The initiatives since the failure of No Child Left Behind have been perfunctory and uninspired – more high-stakes testing, more evidence-based practices, a call for better teachers, and new curriculum goals – marginal changes, but no reforms.

The school community is confused because regulators and administrators neither understand the hole they are in, nor how they dug themselves in. Actually, their confusion is even compounded – they did not dig themselves into the hole – the Federal Government dug it for them.

How Did the Federal Government Create the Problems?

In a few words, the government changed the rules (of education) without changing the way the game (instruction) was played.

The mission of public education during the “Golden” era had been to provide a free, quality education to all students in the society.

  • The schools satisfied this mission with an instructional system that presented the curriculum to each classroom as a group.
  • It was the students’ responsibility to learn. The greater majority did learn; and so the outcome was, in terms of the mission, satisfactory.
  • It was an efficient, cost-effective means of providing a free quality education to all students in the society.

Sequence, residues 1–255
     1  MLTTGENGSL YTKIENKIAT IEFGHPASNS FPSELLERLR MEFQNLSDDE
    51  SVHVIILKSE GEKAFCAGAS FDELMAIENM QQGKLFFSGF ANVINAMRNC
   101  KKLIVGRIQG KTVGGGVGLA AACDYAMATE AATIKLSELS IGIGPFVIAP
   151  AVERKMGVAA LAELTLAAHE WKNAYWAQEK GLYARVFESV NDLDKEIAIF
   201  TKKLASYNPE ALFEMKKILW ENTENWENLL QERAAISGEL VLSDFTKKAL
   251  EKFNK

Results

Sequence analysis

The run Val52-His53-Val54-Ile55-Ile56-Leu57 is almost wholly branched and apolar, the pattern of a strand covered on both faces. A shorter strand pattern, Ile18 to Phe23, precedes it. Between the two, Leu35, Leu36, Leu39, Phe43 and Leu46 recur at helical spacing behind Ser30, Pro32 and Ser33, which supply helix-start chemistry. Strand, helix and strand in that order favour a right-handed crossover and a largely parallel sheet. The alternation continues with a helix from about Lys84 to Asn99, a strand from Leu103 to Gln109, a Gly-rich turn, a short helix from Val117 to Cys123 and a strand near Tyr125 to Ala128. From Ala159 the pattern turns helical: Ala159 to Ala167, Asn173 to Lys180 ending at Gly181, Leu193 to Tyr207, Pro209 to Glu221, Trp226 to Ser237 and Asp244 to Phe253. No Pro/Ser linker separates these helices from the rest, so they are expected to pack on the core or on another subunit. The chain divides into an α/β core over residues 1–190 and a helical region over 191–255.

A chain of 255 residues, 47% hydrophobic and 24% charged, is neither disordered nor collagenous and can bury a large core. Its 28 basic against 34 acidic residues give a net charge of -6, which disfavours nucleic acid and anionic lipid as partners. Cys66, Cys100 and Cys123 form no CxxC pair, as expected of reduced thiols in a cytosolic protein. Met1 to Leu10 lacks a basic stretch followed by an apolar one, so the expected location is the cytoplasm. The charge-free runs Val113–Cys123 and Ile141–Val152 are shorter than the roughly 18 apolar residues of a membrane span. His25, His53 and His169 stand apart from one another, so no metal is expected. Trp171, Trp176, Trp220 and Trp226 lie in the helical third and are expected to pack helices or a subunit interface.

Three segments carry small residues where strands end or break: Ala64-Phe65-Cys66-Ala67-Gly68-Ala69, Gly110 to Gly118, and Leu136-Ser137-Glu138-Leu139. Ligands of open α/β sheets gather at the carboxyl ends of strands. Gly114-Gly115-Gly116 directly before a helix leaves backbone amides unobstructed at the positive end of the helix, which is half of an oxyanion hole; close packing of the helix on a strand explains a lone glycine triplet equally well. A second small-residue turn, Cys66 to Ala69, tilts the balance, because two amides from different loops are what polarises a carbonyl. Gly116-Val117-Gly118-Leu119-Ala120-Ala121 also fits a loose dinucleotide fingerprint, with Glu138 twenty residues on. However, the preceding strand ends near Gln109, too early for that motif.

How Did the Government Change the Rules?

However, in 1962, the government, as part of the War on Poverty, changed the mission of education in the United States.

The new mission was to insure that all students learn a solid, basic curriculum. There is a world of difference between having to provide a quality education to all students, and having to insure that every student will learn the curriculum provided.

With this change, responsibility for learning shifted from the student to the system. The system had previously been responsible to the group as a whole; now it needed to be responsible for every student.

While the Federal Government insisted that the schools play by new rules, the crowning irony of the change was, that at the same time, they required the schools to continue using a model of education that was designed for the old rules.

This is an organizational recipe for failure – to require radically different results from the extant set of practices. It stands as an institutional memorial to Einstein’s observation that insanity is doing the same thing over and over and expecting different results. ESEA, the legislation that changed the rules, had also dictated how the game would be played. Anyone involved in education in the last 60 years knows the scenario.

Operating Under the New Rules

Teachers present the curriculum to a classroom of students, teaching them with group-oriented practices:

  • Presenting a succession of lock-step lessons.
  • Most students learn, but a few (generally 15% to 20%) do not.
  • The process continues until the first “bench-mark” tests.
  • Then those students identified as non-learners are diverted to “special education.”
  • At the end of the year, most of the non-learners are still non-learners.